Francine Prose, in her essay “Learning from Chekhov” (from Reading Like a Writer) remembers how, while taking a bus home after teaching a weekly creative writing class, she’d read a Chekhov story that successfully broke one of the “rules” that she’d just taught her students. These rules were mainly “don’ts”: don’t give characters similar names in the same story, don’t use multiple shifts in point-of-view, don’t let a character do something for “no reason,” don’t write a story where nothing changes.
Prose’s honesty is bracing here, for most if not all teachers of writing have employed a list of don’ts at one time or another, usually for a workshop of beginning students. Why do we do this? The negative imperative is meant to be helpful, not putative, I think. We want them to avoid pitfalls we’ve encountered in our own writing lives—it’s the literary equivalent to telling a child to look both ways before crossing the street. The danger here is that we will come to listen to our own advice.
Which is why the insights of Jauss’s On Writing Fiction are so welcome. He asks questions that cut through some cherished nuggets of received wisdom. Why, for instance, must point-of-view remain consistent in a story? In the chapter “From Long Shots to X-Rays,” he writes that “perhaps the most important purpose of point-of-view is to manipulate the degree of distance between the characters and the reader in order to achieve the emotional, intellectual, and moral responses the author deserves.”
In other words, blind consistency to a particular point-of-view can constrict a fiction, while altering the distance offers opportunities of revelation. Jauss’ analysis of “Hills Like White Elephants” is a canny examination of a subtle twist in Hemingway’s short story. We all know the elliptical conversation avoiding the topic of abortion that the two American lovers are having at a Spanish train station, their story told by Hemingway with a tightly controlled remoteness, observing these characters from the outside. Yet this control, Jauss observes, is relaxed twice, in two brief sentences, and the second instance is particularly telling: the man, waiting for the train’s arrival, “drank an Anis at the bar and looked at the people. They were all waiting reasonably for the train.”
The word “reasonably” is not an objective authorial observation. Instead, it offers a fleeting window into the man’s mind: he approves of people behaving reasonably, and one can reason that he likely thinks he’s the one being reasonable in the crucial conversation with his lover. Jauss writes:
If Hemingway had maintained the same point of view throughout the story, as most commentators on point of view would recommend, we’d never know whether the man was a conscious, Machiavellian villain or merely a self-deluded person. But Hemingway wisely shifts his point of view, twice moving in from outside to reveal, with increasing depth, the man’s thoughts.
As I mentioned earlier, David Jauss has the writing chops to lend authority to his insights. Again, there is a tie to his poetry, which certainly influences the clarity and metaphoric concision of his prose (while his poems often are often enhanced by a spine of narrative force). These qualities are brilliantly on display in his latest book, Glossolalia: New & Selected Stories (Press 53, 2013).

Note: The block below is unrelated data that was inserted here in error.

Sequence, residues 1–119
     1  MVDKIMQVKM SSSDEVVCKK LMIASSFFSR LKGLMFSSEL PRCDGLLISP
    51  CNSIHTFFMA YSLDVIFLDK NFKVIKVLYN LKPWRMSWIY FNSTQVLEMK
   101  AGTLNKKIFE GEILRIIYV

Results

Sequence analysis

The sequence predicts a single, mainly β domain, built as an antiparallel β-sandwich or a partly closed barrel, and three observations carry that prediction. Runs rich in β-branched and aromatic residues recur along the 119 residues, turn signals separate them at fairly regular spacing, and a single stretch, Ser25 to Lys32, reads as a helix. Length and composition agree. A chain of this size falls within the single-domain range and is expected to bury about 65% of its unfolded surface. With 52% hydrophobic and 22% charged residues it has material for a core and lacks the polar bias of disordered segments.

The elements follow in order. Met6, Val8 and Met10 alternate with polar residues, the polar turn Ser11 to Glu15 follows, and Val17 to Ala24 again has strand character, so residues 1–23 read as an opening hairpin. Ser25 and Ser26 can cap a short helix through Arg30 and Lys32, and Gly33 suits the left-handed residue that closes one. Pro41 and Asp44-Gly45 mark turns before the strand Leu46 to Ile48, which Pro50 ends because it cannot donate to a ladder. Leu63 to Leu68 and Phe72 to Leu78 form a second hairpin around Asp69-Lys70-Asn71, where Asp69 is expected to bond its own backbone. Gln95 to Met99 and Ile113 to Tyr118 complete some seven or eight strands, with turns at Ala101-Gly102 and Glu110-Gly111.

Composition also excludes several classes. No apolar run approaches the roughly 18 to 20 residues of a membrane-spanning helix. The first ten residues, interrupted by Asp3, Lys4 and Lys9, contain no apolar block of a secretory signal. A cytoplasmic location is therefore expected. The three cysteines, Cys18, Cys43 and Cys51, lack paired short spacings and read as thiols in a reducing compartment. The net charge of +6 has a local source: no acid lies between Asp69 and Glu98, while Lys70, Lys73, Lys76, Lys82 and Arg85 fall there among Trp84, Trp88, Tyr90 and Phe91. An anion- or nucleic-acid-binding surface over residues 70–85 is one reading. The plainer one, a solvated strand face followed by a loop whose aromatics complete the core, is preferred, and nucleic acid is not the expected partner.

The opening story in the collection, “Torque,” is an apt demonstration of the advice Jauss offers about point-of-view. Larry Watkins develops an obsession with refitting a Cadillac into a limousine that could be used as a family car. This unusual ambition began as a little joke with his wife when they were first dating. But for Larry the joke hardens into something serious, and stubbornly peculiar, while for his wife Karen the joke remains a joke. Larry can’t articulate, to Karen or even himself, what this project means to him, even when he parks the hulk of a battered Caddy in the garage and starts studying plans in Limousine and Chauffer magazine. When Karen leaves him, Larry, left alone in the house, quits his job, stops paying the bills, and instead spends too much time sitting in the driver’s seat of a car that isn’t going anywhere—the only progress he’s managed is cutting the car frame in half to prepare for that limousine expansion. Occasionally a woman from across the street, who babbles words of her own making, drops by to sit in the back seat, and Larry indulges her until her weary mother arrives to bring her back home.
In the final paragraph, the story’s close third person point of view switches to an entirely new character, a man who has arrived to serve divorce papers on Larry. The man stands at the front door, ringing the bell, but no one appears. Then the process server hears something in the garage, and he approaches, seeing for the first time, abruptly, what the reader has been slowly led up to, and our understanding is shockingly focused:
Crossing the yard to the driveway, he saw the rear end of a car sticking out of the garage. As he reached the door, he saw that the car had been sawn in half and there were two people sitting in it. “What the hell?” he said. Then he called out Larry’s name, but Larry didn’t seem to notice; he just kept looking out the windshield at the garage wall. He was silent, but the woman in the back seat was jabbering in some strange language the process server couldn’t understand. But Larry seemed to understand. He nodded when she spoke, said something back to her, then turned the wheel carefully to the left, as if rounding a dangerous curve.
Here, in manipulating the point-of-view, Jauss has achieved an effect the opposite of Hemingway’s: rather than focus in on a character’s thoughts, he pulls back, so that the reader can see more clearly what the main character can’t see himself.
In On Writing Fiction, in the chapter “Autobiographobia: Writing and the Secret Life,” Jauss writes that assuming the voice of a fictional character is a secret form of autobiography, at least in emotional detail, and that the donning of such a mask allows a writer the freedom to speak personal truths he or she might never do in memoir. The title of Jauss’s New and Selected collection echoes this insight. Glossolalia is a word that means “speaking in tongues,” and it also refers to the range of characters that Jauss has explored, many of them far from his own time and experience: